On a seasonally-adjusted and smoothed basis, the trend in weekly claims appears to still be declining. Recessions are always preceded by a substantial increase in claims, but that is manifestly not the case today.
The index of Leading Indicators continues to rise, up 6.5% over the past year. Every recession for the past 50 years has been preceded by a significant decline in the growth rate of this index; that is not the case today. To be sure, this index is not always a good leading indicator, but it is not even close to signaling impending doom or even a modest recession.
The behavior of swap spreads—excellent leading indicators of systemic risk—is the clearest indicator that it is Europe that is facing the big problems. There is now a huge and unprecedented divergence between U.S. and Eurozone swap spreads. Systemic risk in the U.S. remains within a "normal" range, but eurozone swap spreads are over 100 bps, a sure sign of imminent and painful problems there.
The dollar has been the main beneficiary of the recent panic crisis, but it is still quite low from an historical perspective. It's recent strength derives mainly from the new-found weakness in the euro, not from any effective tightening on the part of the Fed. Maybe a QE3 could have helped Europe, but that is far from obvious, and in any event there are no other signs that dollars are in short supply relative to demand.
The most recent data on residential and commercial property prices (June and July, respectively) shows that prices have been roughly flat for the past two and a half years. The bursting of the commercial property price "bubble" is quite obvious here, but now that it has burst, prices are no longer declining.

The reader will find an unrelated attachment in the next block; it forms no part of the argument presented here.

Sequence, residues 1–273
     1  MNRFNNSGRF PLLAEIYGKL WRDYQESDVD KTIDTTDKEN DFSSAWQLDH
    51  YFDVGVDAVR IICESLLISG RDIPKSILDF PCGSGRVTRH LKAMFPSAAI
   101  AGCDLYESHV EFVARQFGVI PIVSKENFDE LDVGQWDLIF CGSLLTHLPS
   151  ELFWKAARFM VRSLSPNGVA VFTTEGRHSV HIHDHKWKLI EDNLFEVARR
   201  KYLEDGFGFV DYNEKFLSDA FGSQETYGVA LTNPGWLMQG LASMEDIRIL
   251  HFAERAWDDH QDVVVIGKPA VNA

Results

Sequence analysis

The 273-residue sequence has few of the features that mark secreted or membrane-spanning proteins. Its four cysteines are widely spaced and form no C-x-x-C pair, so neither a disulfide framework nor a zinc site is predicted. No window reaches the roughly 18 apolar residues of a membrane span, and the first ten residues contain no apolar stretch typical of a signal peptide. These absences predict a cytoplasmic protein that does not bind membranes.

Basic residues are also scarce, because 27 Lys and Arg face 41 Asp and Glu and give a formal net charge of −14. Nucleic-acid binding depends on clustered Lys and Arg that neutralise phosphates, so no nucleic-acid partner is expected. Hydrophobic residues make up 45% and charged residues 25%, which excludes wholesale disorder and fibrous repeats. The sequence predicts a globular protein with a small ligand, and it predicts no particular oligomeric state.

The recent plunge in copper prices is typical of many commodities: very painful, but not by any means unprecedented, and prices are still quite elevated from an historical perspective. Speculators of all stripes have been burned in many ways with all the volatility sweeping the markets these days. It's not surprising that commodity prices have corrected.
Gold has suffered a nasty, $180 decline from its recent, all-time high, but from a long-term perspective it looks like a simple correction. Gold only got as high as it is because it has been pricing in lots of devastating news; this recent decline could be an indication that although the recent news has sparked a panic in bond and equity markets, it's not as bad as gold investors had expected.
To date, the drop in the S&P 500 from its recent highs has been about 15%. Prices are still almost 70% above the Mar. '09 lows. It's a panic, to be sure, but not nearly a collapse. Corporate profits have doubled from their year-end 2008 lows, the average PE ratio is only 12.3, according to my Bloomberg, and those facts provide a strong safety net for prices.
Taking everything into consideration, it's quite apparent that the source of the recent angst is the increasing likelihood of a major sovereign default (e.g., Greece), and the fear that this might prove contagious and eventually escalate to the level of a global financial and economic panic. There's no denying that Greece is almost certainly going to default, and that it will be the biggest sovereign default on record. Whether that is big enough to bring down the entire world is the question at hand. I just don't see it.